Courtesy of Angie Grace

My Daughters' School Is A Hotbed Of Toxic Masculinity, & I'm Sick Of It

By
Share

My daughters come home from school upset on a regular basis. At least once a week, they complain about the boys at school being mean to them. Sometimes, it's because the boys were playing a game at recess that they wouldn't let the girls play. Sometimes it's because during Physical Education class, only a certain amount of soccer balls were given out, and instead of making sure everyone had a turn with them, the boys grabbed them and kept them the whole period, and the teachers did nothing about it. But the thing that bothers my daughters the most is that any time they come to school wearing something that is supposedly "for boys," like a pair of jeans or a baseball cap, the boys tease them about it. Toxic masculinity is a major problem at their school, and I feel like none of the teachers are doing anything about it.

Courtesy of Angie Grace

My oldest daughter is 10 years old. She's not a so-called "girly girl". She refuses to wear dresses and skirts, she loves Pokemon, and she'd rather play video games than My Little Pony. She has been teased by the boys in her class for wearing a Minecraft video game T-shirt that we got from the boy's section of a clothing store. There were no Minecraft t-shirts in the girls' section at the time, and I saw no problem with my daughter wanting to wear clothes from the boys' section.

When I complained to a teacher about how my daughter was treated by the boys in her class, I was told not to worry about it, that the gendered teasing was "just the way kids are." Every time I complain to the teacher and school administration about the teasing, I get a response that's essentially a variation on "boys will be boys."

We are taught that boys are unable to express their true feelings, so we grow up expecting the same behavior from men.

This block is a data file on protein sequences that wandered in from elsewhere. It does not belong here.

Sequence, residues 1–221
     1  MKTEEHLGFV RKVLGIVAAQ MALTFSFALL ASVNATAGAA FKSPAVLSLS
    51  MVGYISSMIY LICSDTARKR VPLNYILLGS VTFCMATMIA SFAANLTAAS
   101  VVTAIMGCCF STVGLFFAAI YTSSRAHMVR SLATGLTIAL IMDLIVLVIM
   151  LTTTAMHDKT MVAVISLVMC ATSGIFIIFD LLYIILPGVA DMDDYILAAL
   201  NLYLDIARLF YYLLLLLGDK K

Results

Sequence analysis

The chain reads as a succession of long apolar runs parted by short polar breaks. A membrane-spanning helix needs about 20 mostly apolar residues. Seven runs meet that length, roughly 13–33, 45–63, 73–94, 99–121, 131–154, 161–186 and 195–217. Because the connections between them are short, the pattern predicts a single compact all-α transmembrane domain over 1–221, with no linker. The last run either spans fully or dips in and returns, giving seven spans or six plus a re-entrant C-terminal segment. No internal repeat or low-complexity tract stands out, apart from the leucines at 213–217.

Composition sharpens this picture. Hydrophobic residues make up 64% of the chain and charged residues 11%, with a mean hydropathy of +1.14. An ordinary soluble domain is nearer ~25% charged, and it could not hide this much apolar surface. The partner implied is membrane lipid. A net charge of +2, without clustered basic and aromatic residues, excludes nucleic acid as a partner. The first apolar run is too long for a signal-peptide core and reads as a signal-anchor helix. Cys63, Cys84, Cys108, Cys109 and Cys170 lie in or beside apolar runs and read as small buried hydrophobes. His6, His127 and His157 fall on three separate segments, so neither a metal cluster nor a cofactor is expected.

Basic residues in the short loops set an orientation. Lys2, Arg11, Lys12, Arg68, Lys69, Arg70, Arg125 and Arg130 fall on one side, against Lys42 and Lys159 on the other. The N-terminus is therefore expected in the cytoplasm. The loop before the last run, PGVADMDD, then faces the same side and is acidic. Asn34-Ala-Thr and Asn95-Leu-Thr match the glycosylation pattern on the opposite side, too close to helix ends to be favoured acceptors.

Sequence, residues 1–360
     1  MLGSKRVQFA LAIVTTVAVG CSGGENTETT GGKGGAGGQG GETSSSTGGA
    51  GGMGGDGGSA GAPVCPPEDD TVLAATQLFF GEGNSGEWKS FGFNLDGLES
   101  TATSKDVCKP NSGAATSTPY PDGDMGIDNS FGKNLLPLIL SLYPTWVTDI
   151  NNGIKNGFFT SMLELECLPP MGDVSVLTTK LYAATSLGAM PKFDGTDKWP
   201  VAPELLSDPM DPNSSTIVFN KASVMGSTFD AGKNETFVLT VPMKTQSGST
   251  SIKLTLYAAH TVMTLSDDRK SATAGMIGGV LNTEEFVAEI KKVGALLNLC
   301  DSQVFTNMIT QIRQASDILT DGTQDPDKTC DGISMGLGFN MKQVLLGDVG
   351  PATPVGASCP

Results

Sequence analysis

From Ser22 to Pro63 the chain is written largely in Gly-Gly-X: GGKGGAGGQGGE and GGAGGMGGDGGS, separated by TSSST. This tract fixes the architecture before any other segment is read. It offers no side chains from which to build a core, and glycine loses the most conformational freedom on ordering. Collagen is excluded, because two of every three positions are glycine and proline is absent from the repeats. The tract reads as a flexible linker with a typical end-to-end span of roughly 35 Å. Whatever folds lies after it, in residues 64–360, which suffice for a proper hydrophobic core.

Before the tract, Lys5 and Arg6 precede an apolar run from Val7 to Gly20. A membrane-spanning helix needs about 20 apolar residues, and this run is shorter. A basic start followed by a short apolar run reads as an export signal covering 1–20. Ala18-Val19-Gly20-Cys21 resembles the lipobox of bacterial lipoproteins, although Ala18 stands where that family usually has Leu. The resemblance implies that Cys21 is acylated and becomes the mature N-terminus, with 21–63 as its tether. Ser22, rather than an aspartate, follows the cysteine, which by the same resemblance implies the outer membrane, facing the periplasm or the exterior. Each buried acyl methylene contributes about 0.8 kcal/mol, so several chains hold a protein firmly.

Earlier in the school year, my 7-year-old daughter Laila was being picked on by two boys in her class. When I'd pick her up from school, she'd come out with a frown. She would tell me how these two particular boys who sat next to her in class teased her about finishing her work before them. One time they even threatened to take the book she was reading and made her cry.

I went to talk to Laila's teacher. She told me she had no knowledge of these boys being mean to my daughter, and that she would do something about it. The following week, the teasing continued, and Laila came home crying again. I went back to the teacher and asked her to move my daughter's seat, so she could sit next to kids who wouldn't distract her. She told me that Laila should just learn to deal with the teasing, which made me livid. She even said that one of the boys is "just like that," and kids have to learn how to deal with being teased sometimes. I took my complaint to the principal, and eventually, Laila's seat was changed.

Courtesy of Angie Grace

As a little girl, I was told that if a boy picked on you, it meant that he liked you. It meant that he was bothering you because he thought you were pretty. We are taught that boys are unable to express their true feelings, so we grow up expecting the same behavior from men. For whatever reason, we just accept this. I would never tell my daughters this. It sets a precedent that we are supposed to tolerate being mistreated, just because it's the way boys are.

If boys grow up in an environment that tolerates them disrespecting girls, they will continue to be disrespectful to women once they are men.

I had a little boy in January and my daughters were thrilled to finally have a brother. While I was pregnant, we discussed how they would all be big sisters and what their responsibilities would be once he was here. My daughter Mia asked if her little brother Kai would be like the boys at school. I promised her that no, we wouldn't let that happen, because Kai is being raised in a household of feminists and he'll grow up respecting women and treating them as equals.

It is our responsibility as parents to make sure our sons are respectful to women. Too often, schools make excuses for or turn a blind eye to their bad behavior. If boys grow up in an environment that tolerates them disrespecting girls, they will continue to be disrespectful to women once they are men. Parents have to teach their sons not only that they shouldn't pick on girls, but that boys and girls are equal in every respect. That's why I will continue to complain to my daughters' school administration about the bullying and teasing, so I can teach my girls that the things they hear from the boys aren't OK, and that this behavior shouldn't be tolerated.